After boring us with Rush's rise and fall (due to a sell-out period when they almost sounded like Journey), Dunn drools about Queensryche, a band that played somewhat heavy pop songs, in my opinion. A vastly overrated metal band which, just because they played longer songs and wrote conceptual albums, is somehow still considered "progressive". Their music was so radio-friendly they could have appeared on the Eurovision Song Contest, where slightly more open-minded grannies could have moved their walking sticks to the rhythm of their commercial-sounding, dull tunes. "Queensryche developed from a HM band to a progressive unit," says one "expert". No. Queensryche moved from making run-of-the-mill hero-BS heavy-metal anthem crap to selling out by making more poppy metal with hook-lines. Next!

Next up are a couple more overrated bands, such as Tool - the definitive suicide-teen's band-to-die-along-to, who played what I refer to as "whine-metal", with some of the most irritating sob-like vocals ever; where's the progressiveness here? This came totally out of left field for me. On to Meshuggah; in what way are monotonous rhythmic escapades progressive? Obituary are more melodic than that. Later, finally a quality band, The Dillinger Escape Plan. "We wanted to take ourselves out of the comfort zone, because no great art ever comes out of comfort", says a TDEP member. A bit of a sweeping statement there.

All in all, progressive bands unfortunately haven't contributed many classics. Most bands that tried something new were simply way in over their heads, greatly overrating their own potential for being able to pull off something as adventurous as innovation. True experimentation requires great musical talent as a pre-requisite (which very few musicians have), otherwise the results end up being pitiful, embarrassing, laughable even, as was/is the case with most well-known "progressive" bands.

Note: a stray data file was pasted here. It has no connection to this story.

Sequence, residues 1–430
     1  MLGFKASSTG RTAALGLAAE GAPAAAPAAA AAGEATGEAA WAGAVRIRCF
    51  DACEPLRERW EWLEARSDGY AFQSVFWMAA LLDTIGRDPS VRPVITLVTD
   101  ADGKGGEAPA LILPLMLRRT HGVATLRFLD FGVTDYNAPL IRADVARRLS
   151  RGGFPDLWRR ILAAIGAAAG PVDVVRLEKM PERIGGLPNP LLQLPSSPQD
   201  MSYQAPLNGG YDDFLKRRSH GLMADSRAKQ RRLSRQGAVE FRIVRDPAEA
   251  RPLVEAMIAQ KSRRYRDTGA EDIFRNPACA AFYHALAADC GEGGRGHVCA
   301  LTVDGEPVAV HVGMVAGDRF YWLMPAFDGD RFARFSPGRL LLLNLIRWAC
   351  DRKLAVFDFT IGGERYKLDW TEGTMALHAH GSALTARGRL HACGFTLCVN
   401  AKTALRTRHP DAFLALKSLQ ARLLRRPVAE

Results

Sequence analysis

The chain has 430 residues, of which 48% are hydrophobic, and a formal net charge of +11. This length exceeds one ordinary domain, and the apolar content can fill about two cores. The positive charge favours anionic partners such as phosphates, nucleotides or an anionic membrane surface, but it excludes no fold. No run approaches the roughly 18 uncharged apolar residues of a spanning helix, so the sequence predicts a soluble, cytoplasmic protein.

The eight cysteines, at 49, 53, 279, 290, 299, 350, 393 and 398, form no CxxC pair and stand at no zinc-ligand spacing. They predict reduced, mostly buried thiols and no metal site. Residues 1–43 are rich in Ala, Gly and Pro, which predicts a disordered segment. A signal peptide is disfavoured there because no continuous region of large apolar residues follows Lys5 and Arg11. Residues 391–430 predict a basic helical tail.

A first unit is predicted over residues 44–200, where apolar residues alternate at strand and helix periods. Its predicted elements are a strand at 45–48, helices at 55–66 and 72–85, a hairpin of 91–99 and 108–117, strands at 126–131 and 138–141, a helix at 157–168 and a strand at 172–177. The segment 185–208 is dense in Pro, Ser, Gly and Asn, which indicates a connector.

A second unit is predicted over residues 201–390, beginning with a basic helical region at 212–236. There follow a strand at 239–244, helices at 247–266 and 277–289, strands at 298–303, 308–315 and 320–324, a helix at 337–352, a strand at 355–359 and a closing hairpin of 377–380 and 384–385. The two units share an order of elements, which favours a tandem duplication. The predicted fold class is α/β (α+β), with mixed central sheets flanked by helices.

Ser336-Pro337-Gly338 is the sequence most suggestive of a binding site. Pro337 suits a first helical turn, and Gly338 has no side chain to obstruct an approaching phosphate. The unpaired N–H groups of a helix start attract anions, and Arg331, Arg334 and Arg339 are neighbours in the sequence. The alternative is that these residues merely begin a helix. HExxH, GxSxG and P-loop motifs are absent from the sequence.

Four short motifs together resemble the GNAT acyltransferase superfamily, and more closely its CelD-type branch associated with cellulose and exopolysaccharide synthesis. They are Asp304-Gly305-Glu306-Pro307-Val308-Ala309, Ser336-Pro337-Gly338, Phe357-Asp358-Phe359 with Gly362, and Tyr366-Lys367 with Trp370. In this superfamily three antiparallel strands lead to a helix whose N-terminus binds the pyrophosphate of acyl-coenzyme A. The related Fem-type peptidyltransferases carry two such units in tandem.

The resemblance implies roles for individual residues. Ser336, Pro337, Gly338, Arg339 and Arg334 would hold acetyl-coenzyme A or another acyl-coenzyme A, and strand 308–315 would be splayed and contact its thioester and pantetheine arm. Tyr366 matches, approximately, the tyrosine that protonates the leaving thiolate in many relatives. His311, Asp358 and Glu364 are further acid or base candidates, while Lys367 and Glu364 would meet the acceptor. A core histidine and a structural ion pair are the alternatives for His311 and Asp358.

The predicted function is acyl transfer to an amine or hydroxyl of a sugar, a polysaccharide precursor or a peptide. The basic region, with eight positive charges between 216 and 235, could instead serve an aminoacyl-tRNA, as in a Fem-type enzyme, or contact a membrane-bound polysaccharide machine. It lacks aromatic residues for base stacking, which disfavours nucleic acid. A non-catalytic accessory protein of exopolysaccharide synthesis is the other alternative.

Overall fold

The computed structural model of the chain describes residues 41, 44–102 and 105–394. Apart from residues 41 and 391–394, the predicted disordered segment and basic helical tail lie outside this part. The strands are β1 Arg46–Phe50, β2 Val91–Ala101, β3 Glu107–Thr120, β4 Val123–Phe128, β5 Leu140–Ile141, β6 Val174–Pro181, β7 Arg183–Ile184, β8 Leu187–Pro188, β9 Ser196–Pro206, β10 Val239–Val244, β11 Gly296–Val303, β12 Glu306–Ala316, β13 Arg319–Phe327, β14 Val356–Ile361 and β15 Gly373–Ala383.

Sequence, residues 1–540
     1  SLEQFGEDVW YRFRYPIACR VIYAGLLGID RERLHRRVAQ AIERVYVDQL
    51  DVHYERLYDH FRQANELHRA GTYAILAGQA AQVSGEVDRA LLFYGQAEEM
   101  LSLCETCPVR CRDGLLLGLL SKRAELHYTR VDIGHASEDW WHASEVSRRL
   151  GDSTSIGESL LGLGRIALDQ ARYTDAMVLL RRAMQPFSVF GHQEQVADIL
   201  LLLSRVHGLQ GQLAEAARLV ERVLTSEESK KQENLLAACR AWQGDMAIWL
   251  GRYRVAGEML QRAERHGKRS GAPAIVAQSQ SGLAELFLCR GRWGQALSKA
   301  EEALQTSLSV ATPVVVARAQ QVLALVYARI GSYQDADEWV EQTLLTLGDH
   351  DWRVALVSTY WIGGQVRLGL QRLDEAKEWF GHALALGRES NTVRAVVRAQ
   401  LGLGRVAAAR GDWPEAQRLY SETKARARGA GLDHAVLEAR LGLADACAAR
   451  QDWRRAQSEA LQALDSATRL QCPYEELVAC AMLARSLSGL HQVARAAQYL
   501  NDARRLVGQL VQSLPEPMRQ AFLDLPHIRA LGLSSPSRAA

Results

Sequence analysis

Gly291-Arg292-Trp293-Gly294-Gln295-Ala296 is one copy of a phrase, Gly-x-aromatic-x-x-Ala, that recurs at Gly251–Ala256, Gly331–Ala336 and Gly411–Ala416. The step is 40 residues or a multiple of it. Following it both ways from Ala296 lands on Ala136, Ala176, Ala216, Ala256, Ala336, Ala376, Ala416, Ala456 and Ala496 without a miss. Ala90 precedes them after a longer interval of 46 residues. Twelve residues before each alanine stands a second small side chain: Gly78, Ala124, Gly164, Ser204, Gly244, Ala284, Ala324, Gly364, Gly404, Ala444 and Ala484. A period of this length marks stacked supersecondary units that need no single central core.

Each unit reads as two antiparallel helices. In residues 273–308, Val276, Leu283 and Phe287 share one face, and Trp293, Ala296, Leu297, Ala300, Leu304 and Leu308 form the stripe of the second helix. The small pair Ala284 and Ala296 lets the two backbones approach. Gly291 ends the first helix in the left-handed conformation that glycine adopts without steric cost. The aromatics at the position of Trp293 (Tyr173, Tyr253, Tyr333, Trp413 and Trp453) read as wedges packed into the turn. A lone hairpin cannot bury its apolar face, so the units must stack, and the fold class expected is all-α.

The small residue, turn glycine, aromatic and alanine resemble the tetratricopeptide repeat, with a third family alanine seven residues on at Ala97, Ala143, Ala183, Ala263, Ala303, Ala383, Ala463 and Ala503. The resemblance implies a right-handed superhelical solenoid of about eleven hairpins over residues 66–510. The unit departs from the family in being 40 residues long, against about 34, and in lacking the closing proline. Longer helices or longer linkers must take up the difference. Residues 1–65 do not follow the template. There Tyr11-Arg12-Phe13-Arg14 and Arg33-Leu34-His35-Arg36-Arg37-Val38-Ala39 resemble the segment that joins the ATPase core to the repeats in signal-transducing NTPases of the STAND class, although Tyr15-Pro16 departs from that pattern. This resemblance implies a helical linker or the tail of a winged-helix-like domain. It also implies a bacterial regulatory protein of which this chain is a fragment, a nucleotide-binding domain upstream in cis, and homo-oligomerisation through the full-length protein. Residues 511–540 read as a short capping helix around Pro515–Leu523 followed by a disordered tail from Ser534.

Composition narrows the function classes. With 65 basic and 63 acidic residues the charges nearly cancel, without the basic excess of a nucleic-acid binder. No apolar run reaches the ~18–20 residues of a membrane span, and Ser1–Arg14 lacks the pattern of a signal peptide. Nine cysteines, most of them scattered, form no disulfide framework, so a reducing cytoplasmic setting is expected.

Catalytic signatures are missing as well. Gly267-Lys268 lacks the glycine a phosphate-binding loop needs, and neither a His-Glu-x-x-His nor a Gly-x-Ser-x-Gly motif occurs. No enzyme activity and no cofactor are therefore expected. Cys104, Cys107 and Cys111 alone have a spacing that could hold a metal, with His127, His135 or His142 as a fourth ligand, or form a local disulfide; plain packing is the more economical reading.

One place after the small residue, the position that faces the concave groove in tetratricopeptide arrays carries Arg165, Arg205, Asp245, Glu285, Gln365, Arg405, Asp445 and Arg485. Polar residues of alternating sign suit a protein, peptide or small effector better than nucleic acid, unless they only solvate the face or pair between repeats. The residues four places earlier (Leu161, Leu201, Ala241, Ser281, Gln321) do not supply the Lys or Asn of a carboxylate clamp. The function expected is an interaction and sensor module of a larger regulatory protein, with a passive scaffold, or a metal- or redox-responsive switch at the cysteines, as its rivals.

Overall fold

A crucial point which Dunn failed to make is that thrash itself was very progressive when it appeared in the mid-80s; it wasn't just a faster/heavier version of NWOBHM but introduced a mini-revolution to composing melodies. It wasn't just an introduction of a new style of playing riffs, but the substance had changed drastically too; blues-based riffs of traditional metal bands gave way to dissonant melodies that had been forbidden in the Middle Ages, only to be resurrected by the likes of Mussorgsky and Stravinsky in the 19th and early 20th century.

"HM will remain relevant and will continue to evolve for decades to come", says Dunn, during his "grand" series conclusion; the dumbest thing he'd said throughout the entire series, I'm afraid. So clueless is Dunn that he fails to notice the glaring-you-in-the-face fact that metal has been heavily stagnating in the past 15 years. It would appear that Dunn's superficial, inferior ears have never picked up on the mega-obvious lackluster repetitiousness and lack of originality of modern bands, with metal fans being bombarded by an endless slew of uninspired clones of yesteryear's bands. He is indeed blissfully blind to the fact that metal is almost finished musically, while optimistically/foolishly waving the flag of some imaginary future "evolution", deludedly harbouring hope for a genre that had seen its heyday way back. Yes, goofy black metal bands and pseudo-thrash/core bands still sell tickets, but the ingenuity and speedy evolution that was once part-and-parcel of heavy music is now all but gone.